Among the wildflowers
By Linda Roe
Certified Professional Horticulturist, Wight’s Home & Garden
“You belong among the wildflowers” is a line from an old Tom Petty song I frequently find myself humming on a summer hike. Every gardener needs a day off, and where better to spend it than in nature’s flower garden? All of us enjoy the beauty of a wildflower filled mountain meadow, but gardeners seem to want to know more. We want to know its name, both common and Latin, where it grows, and we want to stop and take a look at the interesting petals or seed heads.
A name can tell us a lot. Most of us know fireweed (Epilobium angustifolium), with its tall spikes of magenta pink flowers. It grows in thick stands in open meadows that were recently logged or fire damaged. The nectar from the fireweed flowers makes delicious honey that beekeepers and honey lovers prize. The seed heads are also attractive. You don’t want a trail to take you through a thicket of devil’s club (Oplopanax horridus).
It lives up to its name, the big inflorescence of white flowers sit atop a spiny six foot stem and huge spiny leaves. It is found in wet sites in the woods. Much daintier are twinflowers (Linnaea borealis) growing at your feet. It has two tiny nodding pink bell-like flowers only six inches tall. My daughter’s middle name is taken from the Latin name for this plant.
Some common names are so descriptive that you can match name to flower in seconds. Elephants head plant has flowers that look like trunks and ears of pachyderms growing down the stem (Pedicularis species). Shooting star (Dodecatheon), a member of the primrose family, doesn’t look like a primrose at all. The center of the flower points forward like a beak, its petals flex backward like the tail of a comet. Look for this dainty flower along moist stream banks in early summer. A little more of a stretch are pussytoes (Antennaria), and partridge foot (Luetkea pectinata). You may have to look a little more closely. Many of us have cats, but how many of us have seen a partridge? My favorite is old man of the mountain, named not for the flowers, but for the seed heads. Also known as western pasqueflower (Anemone occidentalis), it is found all over in high mountain meadows.
Once identified, a plant name may also tell us another story. Lewisia and Clarkia were named for the explorers who first described them; Rainier lousewort, Olympic harebell, and Cascade penstemon tell us where they are likely found; and deliciosum at the end of the Latin name will certainly tell you about the flavor of its berries.
Anticipation pushes us upward. A good wildflower hike will take you through many different habitats, from forest to alpine. At some point you are guaranteed to see lupine. There is a species of lupine found in just about any environment, seashore to alpine. Look closely at the petals for subtle color differences while catching their sweet fragrance. As a stream is crossed, red and yellow western columbine (Aquilegia canadensis) catch the eye, along with bright magenta monkey flower (Mimulus) and deep blue larkspur (Delphinium). Now we are switchbacking up the ridge, but the flowers are here, and there’s a photo opportunity at every turn.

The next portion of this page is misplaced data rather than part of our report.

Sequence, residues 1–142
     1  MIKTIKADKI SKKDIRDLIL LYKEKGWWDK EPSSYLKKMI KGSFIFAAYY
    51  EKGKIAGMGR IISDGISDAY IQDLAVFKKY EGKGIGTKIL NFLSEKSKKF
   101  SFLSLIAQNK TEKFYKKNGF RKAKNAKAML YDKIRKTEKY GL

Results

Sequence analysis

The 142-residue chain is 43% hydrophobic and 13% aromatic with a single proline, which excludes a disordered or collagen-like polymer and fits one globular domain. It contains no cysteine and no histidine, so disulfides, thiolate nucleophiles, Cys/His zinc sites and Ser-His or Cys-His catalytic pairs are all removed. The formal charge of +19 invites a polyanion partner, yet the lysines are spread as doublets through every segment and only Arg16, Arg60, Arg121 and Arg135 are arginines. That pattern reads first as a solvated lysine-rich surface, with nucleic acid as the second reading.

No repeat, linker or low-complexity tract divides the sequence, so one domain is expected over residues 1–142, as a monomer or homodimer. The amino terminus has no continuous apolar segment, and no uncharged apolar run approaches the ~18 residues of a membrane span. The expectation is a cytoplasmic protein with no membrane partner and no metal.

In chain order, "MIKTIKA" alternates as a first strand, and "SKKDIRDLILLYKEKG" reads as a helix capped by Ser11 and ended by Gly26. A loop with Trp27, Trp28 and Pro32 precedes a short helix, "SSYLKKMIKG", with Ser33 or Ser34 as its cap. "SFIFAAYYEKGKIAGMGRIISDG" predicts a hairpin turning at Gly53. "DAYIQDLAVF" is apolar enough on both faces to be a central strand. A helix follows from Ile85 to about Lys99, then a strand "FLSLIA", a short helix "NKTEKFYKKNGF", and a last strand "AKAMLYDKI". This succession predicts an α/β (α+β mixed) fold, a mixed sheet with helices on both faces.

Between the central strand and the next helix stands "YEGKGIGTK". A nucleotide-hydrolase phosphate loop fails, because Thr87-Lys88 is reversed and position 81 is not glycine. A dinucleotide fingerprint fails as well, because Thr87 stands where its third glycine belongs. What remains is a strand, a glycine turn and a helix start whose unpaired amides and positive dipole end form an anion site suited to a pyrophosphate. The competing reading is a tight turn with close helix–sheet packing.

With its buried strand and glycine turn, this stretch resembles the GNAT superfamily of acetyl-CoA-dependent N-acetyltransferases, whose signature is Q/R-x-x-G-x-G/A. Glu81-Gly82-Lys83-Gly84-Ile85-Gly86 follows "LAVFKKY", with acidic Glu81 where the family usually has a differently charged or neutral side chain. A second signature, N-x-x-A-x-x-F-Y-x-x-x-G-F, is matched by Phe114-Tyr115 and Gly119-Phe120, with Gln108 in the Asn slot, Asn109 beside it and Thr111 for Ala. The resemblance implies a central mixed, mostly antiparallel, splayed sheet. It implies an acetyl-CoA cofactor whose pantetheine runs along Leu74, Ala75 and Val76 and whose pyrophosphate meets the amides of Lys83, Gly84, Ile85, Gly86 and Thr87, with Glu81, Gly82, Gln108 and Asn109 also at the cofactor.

Along with lupine, there’s arnica, a member of the daisy tribe, with its bright yellow petals growing on one- to two-foot stems. The plant with showy red feathery flowers is the paintbrush (Castilleja species), found from the Olympics to the Rockies, and is the state flower of Wyoming. Look for the beautiful magenta form, found in abundance on Mt. Rainier. My husband’s favorite flower is bistort (Polygonum), a white bottlebrush-like flower. You will see the stamens sticking out beyond the petals, giving it a fuzzy appearance.
In between the rock crevices you can find two classic, easily recognized flowers: penstemon and creeping phlox which both resemble their garden relatives. Penstemon is a shade of purple or blue; phlox is a light mauve color.
Our hike would not be complete without stopping at a small tarn near snowmelt. Here we find pink or white blooming mountain heather (Phyllodoce), hence the names, Heather Lake, Heather Meadows, Heather Pass.
Of course, there will be plants whose names you don’t know, but that’s part of the fun of a wildflower hike. If you can figure out the plant’s family, it’s easier to narrow down the choices. For example, if it looks like a lily, it could be glacier lily, avalanche lily or Columbia lily. A good field guide will help.
The best guide choices are found at the Park or Forest Service information centers. And the best places for flowers? Hike any trail that goes up into alpine meadows, there are many. (Try wta.org for good info on hikes). Not the hiking type? Drive up to Hurricane Ridge on the Olympic Peninsula or Sunrise Point on Mt. Rainier; the wildflowers are gorgeous even from the parking lot.
Wherever you decide to go, remember that plants grow by the inch but die by the foot, so stay on the trail and take only pictures. Your memory and memory card will be full indeed.